Those Sticky Numbers



It was time for stocktaking. Two years ago, Nasscom and McKinsey had set out
the agenda for the Indian IT services industry at a strategy summit and made
several projections—chief among them—the Indian IT and IT enabled services
industry would grow to be $87 billion by 2008.

Two years and a slowdown later—the two have chosen to stick by those
projections. They tinkered around with the numbers—$10 billion of e-business
revenues got wiped out of the data, IT-enabled services took a bigger pie, the
domestic industry size was shaved down a bit and the absolute $87 billion has
now become a band of $70 to $80 billion. But the big numbers still look pretty
much the same.

According to Nasscom president Kiran Karnik, “The earlier projection of
$77 billion (excluding e-business revenues) was premised on a compound aggregate
growth rate of 38% till 2008. So far the industry has done better than that.
Despite the downturn, in the last three years software exports have grown at a
CAGR of 43% per annum.” Ergo–the numbers projected two years ago still
hold. McKinsey Principal Pramath Sinha says that short-term issues like the
Gujarat riots and intermittent war clouds do not affect the long-term outlook.

The bullishness aside however, there are significant trends that have emerged
during the slowdown of the last twelve months.

According to the Nasscom report, “there has been a great deal of
variance in the performance of various sectors of the industry. IT Services, for
example, has witnessed a pronounced decline. The growth rate is down to 29% and
is likely to be only marginally better this year.” Additionally, the
slowdown has created a sharp polarization between different players. “While
MNCs and scale players have continued to experience growth rates upwards of 30%,
many Tier-2 and smaller players have had negligible or even negative
growth.”

All of this has led to what Karnik called, “minor course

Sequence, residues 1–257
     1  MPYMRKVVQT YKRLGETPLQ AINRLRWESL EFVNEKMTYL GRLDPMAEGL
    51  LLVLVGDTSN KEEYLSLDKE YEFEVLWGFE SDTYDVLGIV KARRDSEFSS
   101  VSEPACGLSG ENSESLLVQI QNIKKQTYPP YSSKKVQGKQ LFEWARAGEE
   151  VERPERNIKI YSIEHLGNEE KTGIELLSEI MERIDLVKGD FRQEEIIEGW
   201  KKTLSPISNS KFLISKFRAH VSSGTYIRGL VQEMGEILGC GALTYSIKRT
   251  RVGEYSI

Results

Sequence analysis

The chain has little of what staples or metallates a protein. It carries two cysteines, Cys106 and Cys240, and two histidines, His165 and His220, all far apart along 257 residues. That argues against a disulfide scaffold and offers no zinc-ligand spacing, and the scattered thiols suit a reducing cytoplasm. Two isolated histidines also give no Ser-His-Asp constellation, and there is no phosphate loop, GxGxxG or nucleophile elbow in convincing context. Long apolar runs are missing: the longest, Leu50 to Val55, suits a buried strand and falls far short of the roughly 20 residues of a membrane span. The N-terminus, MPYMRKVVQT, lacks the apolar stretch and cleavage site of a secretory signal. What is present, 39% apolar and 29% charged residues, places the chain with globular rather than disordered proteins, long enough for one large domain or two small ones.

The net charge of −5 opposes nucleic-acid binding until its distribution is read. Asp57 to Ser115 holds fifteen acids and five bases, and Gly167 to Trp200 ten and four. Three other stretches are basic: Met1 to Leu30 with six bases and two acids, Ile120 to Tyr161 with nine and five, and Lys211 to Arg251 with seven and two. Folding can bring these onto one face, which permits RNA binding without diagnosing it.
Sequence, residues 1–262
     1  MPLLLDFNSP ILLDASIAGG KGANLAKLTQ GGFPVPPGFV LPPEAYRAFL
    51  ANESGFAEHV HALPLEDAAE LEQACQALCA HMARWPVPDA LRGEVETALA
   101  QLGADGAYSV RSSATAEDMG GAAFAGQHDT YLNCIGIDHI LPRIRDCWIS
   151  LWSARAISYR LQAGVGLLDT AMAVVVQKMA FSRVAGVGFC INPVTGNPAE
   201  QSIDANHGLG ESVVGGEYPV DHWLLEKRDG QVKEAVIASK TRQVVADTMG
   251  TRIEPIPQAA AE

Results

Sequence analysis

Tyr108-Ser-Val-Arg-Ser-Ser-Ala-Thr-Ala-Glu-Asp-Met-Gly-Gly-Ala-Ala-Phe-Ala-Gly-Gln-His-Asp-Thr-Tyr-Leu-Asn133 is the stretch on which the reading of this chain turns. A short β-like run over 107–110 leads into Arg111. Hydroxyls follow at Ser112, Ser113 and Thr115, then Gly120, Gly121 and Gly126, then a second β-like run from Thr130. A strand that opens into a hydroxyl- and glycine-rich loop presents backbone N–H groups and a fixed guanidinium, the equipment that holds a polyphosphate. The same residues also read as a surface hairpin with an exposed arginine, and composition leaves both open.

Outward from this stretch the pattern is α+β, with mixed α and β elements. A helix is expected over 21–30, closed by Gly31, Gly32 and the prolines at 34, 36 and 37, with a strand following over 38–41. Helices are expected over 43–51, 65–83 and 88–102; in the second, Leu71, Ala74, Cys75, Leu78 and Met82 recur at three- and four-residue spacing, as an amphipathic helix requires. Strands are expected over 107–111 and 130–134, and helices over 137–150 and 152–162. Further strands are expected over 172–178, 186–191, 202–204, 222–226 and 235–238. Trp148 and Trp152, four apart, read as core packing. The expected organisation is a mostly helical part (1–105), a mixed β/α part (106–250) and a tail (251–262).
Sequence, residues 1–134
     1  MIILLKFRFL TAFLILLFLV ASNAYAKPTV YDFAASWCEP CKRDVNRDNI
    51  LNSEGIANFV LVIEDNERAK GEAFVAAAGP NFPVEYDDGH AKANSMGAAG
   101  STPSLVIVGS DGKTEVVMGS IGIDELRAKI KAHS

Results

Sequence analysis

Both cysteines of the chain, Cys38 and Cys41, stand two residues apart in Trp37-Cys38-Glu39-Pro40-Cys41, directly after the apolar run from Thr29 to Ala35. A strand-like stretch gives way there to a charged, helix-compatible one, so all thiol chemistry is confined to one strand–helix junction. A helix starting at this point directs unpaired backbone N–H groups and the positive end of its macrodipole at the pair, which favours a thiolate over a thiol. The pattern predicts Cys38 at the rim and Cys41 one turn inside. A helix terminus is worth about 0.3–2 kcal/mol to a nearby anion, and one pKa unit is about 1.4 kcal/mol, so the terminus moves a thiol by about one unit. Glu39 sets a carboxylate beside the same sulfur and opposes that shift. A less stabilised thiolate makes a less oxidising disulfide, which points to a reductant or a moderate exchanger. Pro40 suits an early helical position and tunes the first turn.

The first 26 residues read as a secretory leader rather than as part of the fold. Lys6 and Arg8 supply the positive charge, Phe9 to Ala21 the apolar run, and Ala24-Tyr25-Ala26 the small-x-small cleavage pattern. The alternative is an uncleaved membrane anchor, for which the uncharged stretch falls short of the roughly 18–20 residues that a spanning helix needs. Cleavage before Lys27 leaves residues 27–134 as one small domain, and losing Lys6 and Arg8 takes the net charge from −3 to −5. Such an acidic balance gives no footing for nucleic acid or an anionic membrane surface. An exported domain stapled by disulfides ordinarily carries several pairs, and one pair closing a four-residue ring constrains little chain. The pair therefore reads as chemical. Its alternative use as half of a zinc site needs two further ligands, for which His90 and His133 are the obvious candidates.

corrections.” As of now, India’s presence in the global IT services
market is largely restricted to two of 10 service lines — application
outsourcing and custom application development. While Nasscom expects these
service lines to stay and in fact grow to $50 billion (in terms of spend) by
2008, it expects that they will constitute less than 10% of the market by that
time. Package implementation and support and Systems Integration it believes
will be among the major areas of growth in the coming years.

According to Nasscom chairman Arun Kumar, there will be greater focus on
under-penetrated service categories like network infrastructure management, IS
outsourcing, network consulting and management and software product exports.

According to the latest Nasscom report, ITES will grow beyond call centers to
higher value added services and will alone account for over $20 billion in
revenues by 2008. Of the two-day summit in Hyderabad, one entire day was devoted
to ITES strategies. According to Nasscom, the ITES sector registered a growth of
77% against a targeted 47% growth rate and will continue to grow at pretty much
the same rate next year. This has been a bit of turnaround for Nasscom which has
so far focused on “moving up the value chain” as being the key
differentiator for the Indian software industry. As Jerry Rao, chairman of
Mphasis BFL put it, “Businesses require paperwork. Paperwork requires paper
workers. And Indians are the master paper workers of the world.” The
question however is: is that really what the Indian IT industry wants to aspire
to?

Sarita Rani in Hyderabad

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